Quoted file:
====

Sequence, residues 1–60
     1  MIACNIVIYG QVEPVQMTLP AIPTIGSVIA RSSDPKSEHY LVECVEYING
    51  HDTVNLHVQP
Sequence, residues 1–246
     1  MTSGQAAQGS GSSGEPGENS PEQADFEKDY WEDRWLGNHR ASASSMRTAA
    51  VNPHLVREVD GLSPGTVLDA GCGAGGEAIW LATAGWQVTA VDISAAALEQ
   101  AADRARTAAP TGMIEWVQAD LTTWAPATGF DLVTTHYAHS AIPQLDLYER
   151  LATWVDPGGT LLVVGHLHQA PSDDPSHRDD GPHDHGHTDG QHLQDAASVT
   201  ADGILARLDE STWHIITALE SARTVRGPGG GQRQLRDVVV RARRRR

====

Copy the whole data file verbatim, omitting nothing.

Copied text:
Sequence, residues 1–60
     1  MIACNIVIYG QVEPVQMTLP AIPTIGSVIA RSSDPKSEHY LVECVEYING
    51  HDTVNLHVQP
Sequence, residues 1–246
     1  MTSGQAAQGS GSSGEPGENS PEQADFEKDY WEDRWLGNHR ASASSMRTAA
    51  VNPHLVREVD GLSPGTVLDA GCGAGGEAIW LATAGWQVTA VDISAAALEQ
   101  AADRARTAAP TGMIEWVQAD LTTWAPATGF DLVTTHYAHS AIPQLDLYER
   151  LATWVDPGGT LLVVGHLHQA PSDDPSHRDD GPHDHGHTDG QHLQDAASVT
   201  ADGILARLDE STWHIITALE SARTVRGPGG GQRQLRDVVV RARRRR